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100 Years Ago: March 1919

This is my fiftieth brief review regarding a National Geographic Magazine which I have read to mark the centennial of its publishing.

The March 1919 issue of the National Geographic can rightly be called “The Dog Number”. It contains a field guide containing paintings and descriptions of 73 breeds. It also has three articles, all related to dogs, and an index with not only references to the field guide, but also to items in the articles. As a header before the list of contents on the cover there is a line stating “Thirty-two Pages in Color”.

The first item listed is an introductory article entitled “Mankind’s Best Friend”. It was written by Ernest Harold Baynes, who also coauthored the field guide. It has a subtitle reading, “Companion of His Solitude, Advanced Guard in the Hunt, and Ally of the Trenches”. It contains “11 Illustrations” of which ten are black-and-white photographs, two of them full-page. The final illustration is a sketch drawing of a dog charting its gross anatomy.

The author begins with a flight of fancy with the intellectual gulf between man and the animals being an actual widening chasm. All the other animals ignored man, but the dog looked yearningly at man, he danced and yelped. Man noticed him and called to him to jump. The dog leapt and barely caught the edge with his front claw. He hung there for a moment until the man bent down and picked him up. The dog was so happy and grateful that he pledged his loyalty to man.

Dogs are the oldest friends of man, very much older than the cat or the horse. Probably we shall never know when the friendship began, but dog bones have been found beside the bones of primitive man. This tends to show that it was in very remote times. They probably started as competitors or even adversaries in the wild. An unarmed man would quickly be overpowered by a pack of dogs, or he could climb a tree if one was nearby. Man was not unarmed however. He had clubs and spears, and fire.

Dogs soon learned to keep their distance from man, who can kill from afar. Since they were both carnivores and hunted for a living, sometimes dogs following men at a safe distance, would clean up after a human kill, taking the discarded scraps. Sometimes too, men would happen upon a dog kill, and chase the dogs away and take what they want, leaving the rest for the waiting pack. Over time this competition between man and dog gradually form a sort of partnership in the chase.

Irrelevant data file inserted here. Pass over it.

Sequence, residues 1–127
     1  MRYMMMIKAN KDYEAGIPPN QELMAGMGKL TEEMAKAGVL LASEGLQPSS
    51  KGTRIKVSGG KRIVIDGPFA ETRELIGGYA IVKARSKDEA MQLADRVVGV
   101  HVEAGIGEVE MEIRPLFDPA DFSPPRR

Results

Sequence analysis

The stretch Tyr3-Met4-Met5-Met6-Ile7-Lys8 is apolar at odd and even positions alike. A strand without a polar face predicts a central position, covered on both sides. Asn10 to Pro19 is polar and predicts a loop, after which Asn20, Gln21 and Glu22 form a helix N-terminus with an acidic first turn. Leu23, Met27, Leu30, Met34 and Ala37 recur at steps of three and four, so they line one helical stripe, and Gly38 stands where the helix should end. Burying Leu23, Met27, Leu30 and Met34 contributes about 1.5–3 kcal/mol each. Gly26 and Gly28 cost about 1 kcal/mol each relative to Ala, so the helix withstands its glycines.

When man lived in caves, he was an untidy creature who after feeding would toss the bones and other refuse just outside his home. Dogs would take advantage of this free food and come and carry it off. In this way man would become used to, and even encourage the presence of dogs near his home. With so many wild dogs living nearby, it is certain that occasionally their dens would be found by the man and the puppies carried home to amuse the children. Such puppies would grow up with little fear of their human hosts, eventually earning a place as part of the household. Puppies of these dogs would be a little tamer so after many generations they would become domesticated, their wildness bred out.

Sooner or later man would discover that certain individual dogs were swifter or stronger and therefore more useful in the hunt. These would be encouraged to accompany man in the hunt while the others would be left at home. The less useful dogs would be gradually eliminated, driven away or killed. As dogs were required for other purposes – for guarding property, or even for household pets – other qualities might be encouraged and other breeds evolved.

In the inevitable intercourse between peoples of different regions there would surely be an exchange of dogs, accidentally or otherwise, and the result would be new varieties which in the course of ages and under widely varying conditions, including finally selective breeding, might eventually produce the many widely differing breeds we see today.

If you ever attended a dog show like the Westminster Kennel Club show in New York, you would see 3,000 dogs on benches and over a hundred breeds represented. Each breed is widely different from the next. A Saint Bernard weighs between 250 and 300 pounds while a Chihuahua barely tips the scale at a pound and a half. Compare a thick-coated Eskimo dog to the hairless dogs of Mexico and Africa. Almost every feature shows variation between breeds. The example the author uses is the ears, pointed on a German shepherd, falling forward at the tip on a collie, and pendulous on a bloodhound.

These and the endless other comparisons of the many different breeds may make us hesitate to accept which naturalists, led by Darwin, have arrived at, namely, that all domestic dogs are descended from a few wild forms, namely, wolves, jackals, and possibly dingos. For a long time, it was thought that foxes should be included among the ancestors of the dog. While similar in appearance and habit, dogs and foxes cannot be interbred. On the other hand, wolves, jackals, and dingos cross freely with domestic dogs and the progeny is fertile.

Both the American gray wolf and the smaller prairie wolf, or coyote, are easily domesticated, though not quite as tame as domestic dogs. Mr. Baynes had a coyote, named Romulus, for six years. He was very affectionate, and would wag his tail to express joy at meeting the author, and throw himself on his back as an invitation to caress him. He was playful too, given one end of a rope or strap would do his best to pull it away. Romulus was very destructive of poultry, and even to wild deer. The author finally gave him to a zoological garden, where he died six years later, at the age of twelve. Mr. Baynes would visit Romulus once or twice a year. Each time Romulus would role over on his back like a friendly puppy.